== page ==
From the arts to Zoom: ToI’s subjective look at winners and losers amid COVID-19

As some countries, including Israel, have started easing restrictions imposed on their citizens in response to the coronavirus pandemic, now may be a good time to try to identify the winners and the losers of the havoc that has befallen the globe.

The death toll and the number of people diagnosed with COVID-19 continues to rise, even as unemployment soars, educational and cultural programs wither, and isolation reigns under social distancing regulations.

For the lucky ones, streaming media is consumed as avidly as hand sanitizer is applied.

But with baby steps being taken gingerly toward a resumption of commerce and schooling, The Times of Israel has compiled a preliminary tally of those who have come out ahead, or behind, thanks to the crisis. The list is purely subjective, and only time will tell if there will be others that need to be added.

The winners…

Germaphobes: Yes. Hard to believe, but those neurotic people that used to go around pre-coronavirus disinfecting everything, opening bathroom doors with their elbows and constantly washing their hands have finally been vindicated. The masses of the cheerfully unhygienic are the ones who have been proven wrong.

The internet: Things would have been very different had we not had the internet to help us communicate, work, learn, buy, and stay sane during our social distancing. Online banking and shopping and movie streaming have all become possible due to the strides in internet connectivity over the past almost 30 years.

Zoom Video Communications Inc: The Silicon Valley-based videoconferencing-tech firm is definitely one of the stars of the coronavirus pandemic, allowing for businesses to hold online meetings, schoolchildren to continue classes and families to stay in touch — including joint virtual Passover Seders, funerals and other religious services. Founded by Eric Yuan in 2011 and listed on the Nasdaq a year ago, Zoom has seen its market value skyrocket to some $42 billion, even as the company’s user security policies have come under scrutiny.

President Reuven Rivlin meets family members over Zoom as Israelis are under a national lockdown as they celebrate the last day of Passover on April 14, 2020 (Twitter)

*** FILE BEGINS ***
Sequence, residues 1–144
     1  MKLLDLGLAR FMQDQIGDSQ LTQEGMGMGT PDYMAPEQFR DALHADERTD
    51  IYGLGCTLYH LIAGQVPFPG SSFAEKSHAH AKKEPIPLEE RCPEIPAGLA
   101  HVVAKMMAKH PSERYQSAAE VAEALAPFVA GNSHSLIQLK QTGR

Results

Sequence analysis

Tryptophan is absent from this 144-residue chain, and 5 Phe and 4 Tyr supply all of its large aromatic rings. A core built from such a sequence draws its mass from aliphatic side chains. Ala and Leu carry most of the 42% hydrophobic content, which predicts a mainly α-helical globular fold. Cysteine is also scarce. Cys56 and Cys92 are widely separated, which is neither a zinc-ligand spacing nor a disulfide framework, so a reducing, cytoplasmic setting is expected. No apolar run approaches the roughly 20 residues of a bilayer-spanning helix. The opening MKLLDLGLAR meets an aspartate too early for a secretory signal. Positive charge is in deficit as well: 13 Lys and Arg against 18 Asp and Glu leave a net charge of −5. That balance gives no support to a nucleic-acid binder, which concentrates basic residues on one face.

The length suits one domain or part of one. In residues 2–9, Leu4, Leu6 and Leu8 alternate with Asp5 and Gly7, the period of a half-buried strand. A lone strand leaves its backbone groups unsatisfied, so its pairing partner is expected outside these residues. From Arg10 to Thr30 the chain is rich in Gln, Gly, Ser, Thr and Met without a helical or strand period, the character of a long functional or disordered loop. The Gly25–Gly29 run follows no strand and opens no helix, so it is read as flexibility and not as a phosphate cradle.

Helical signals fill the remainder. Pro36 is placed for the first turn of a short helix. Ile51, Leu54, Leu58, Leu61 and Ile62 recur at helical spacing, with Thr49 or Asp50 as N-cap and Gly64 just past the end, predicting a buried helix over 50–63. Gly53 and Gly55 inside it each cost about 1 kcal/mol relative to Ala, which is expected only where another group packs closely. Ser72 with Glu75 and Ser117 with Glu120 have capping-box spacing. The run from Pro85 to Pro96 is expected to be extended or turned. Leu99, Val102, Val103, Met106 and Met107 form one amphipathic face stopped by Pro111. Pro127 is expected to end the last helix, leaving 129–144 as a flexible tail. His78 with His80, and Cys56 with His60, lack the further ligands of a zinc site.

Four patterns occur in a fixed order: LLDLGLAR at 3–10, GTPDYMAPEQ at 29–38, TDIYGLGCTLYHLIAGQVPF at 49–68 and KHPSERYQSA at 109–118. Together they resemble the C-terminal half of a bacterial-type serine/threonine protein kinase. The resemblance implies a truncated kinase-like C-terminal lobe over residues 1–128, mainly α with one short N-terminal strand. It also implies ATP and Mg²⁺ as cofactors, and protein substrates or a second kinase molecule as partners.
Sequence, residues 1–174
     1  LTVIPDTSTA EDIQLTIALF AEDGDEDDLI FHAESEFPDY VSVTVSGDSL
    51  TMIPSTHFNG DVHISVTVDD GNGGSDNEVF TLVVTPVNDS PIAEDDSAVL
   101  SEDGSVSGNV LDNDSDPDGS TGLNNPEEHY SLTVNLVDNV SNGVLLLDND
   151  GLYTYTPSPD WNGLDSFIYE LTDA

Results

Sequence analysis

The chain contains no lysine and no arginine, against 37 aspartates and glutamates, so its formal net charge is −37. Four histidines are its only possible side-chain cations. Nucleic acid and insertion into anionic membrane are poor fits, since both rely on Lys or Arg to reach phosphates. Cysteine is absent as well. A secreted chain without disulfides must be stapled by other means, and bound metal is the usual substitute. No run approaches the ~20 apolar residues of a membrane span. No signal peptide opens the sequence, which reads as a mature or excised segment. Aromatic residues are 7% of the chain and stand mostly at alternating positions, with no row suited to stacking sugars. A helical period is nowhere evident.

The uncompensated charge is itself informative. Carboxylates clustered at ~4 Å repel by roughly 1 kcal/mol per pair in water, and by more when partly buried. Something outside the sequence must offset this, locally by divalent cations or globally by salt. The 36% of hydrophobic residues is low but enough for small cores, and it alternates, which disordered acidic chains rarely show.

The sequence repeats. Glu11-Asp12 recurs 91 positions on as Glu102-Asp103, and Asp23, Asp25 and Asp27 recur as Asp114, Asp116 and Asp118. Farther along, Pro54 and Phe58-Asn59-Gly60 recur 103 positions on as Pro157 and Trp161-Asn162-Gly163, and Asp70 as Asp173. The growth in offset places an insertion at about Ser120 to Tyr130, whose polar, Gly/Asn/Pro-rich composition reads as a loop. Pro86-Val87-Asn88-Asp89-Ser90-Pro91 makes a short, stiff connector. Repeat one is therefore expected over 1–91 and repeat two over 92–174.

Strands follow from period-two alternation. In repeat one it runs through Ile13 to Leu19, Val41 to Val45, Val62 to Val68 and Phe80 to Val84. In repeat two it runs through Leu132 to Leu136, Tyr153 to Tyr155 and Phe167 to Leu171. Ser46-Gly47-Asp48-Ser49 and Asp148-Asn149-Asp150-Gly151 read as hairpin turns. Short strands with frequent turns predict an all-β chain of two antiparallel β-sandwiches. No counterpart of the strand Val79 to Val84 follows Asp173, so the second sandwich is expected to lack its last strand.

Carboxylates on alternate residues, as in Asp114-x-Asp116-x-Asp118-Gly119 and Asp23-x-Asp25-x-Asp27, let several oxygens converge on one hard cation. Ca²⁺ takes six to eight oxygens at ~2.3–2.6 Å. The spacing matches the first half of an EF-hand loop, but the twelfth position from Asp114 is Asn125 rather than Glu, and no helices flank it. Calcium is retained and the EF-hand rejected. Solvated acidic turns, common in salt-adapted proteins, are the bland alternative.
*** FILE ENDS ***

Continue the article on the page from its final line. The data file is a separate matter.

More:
Digital health, telemedicine: Traditional healthcare gets a tech boost as robots and technologies are used to remotely monitor patients and find ways to keep the virus under tabs. Tytocare allows physicians to remotely examine patients using stethoscopes, thermometers, and lung monitoring; EarlySense has developed a technology for the real-time delivery of actionable data along with patient data management tools that allow physicians to pinpoint and prevent potentially serious medical situations before they escalate. These technologies and others are set to play major roles in medicine as healthcare and tech continue to merge.

E-commerce retailers, supermarkets: With people were told to hunker down at home to avoid the deadly virus, e-commerce retailers have flourished as consumers turned to online shopping for their needs. Amazon, for example, the world’s largest online retailer, could emerge from the pandemic stronger than ever, according to Bloomberg. The Seattle-based company, which sells books, household goods and other products through its flagship website, also controls the Whole Foods grocery chain and offers cloud computing and video streaming services. Jeff Bezos, the company’s founder and CEO who owns 11% of the US giant, has seen his wealth surge by $24 billion in 2020, according to the Bloomberg Billionaires Index, reaffirming his position as the world’s wealthiest person.

In Israel, the shares of supermarket chains such Victory Supermarket Chain Ltd. jumped 11 percent between February 10 and April 16, while another chain, Freshmarket, rose some 10%, compared to a 21% drop in the TA-125 benchmark index in the period, with demand surging as consumers stockpiled food, toilet paper, eggs and hand gel amid the coronavirus lockdown and ahead of the Passover festival in April.

Israelis shops for groceries at a supermarket in Jerusalem on March 18, 2020 (Yossi Zamir/Flash90)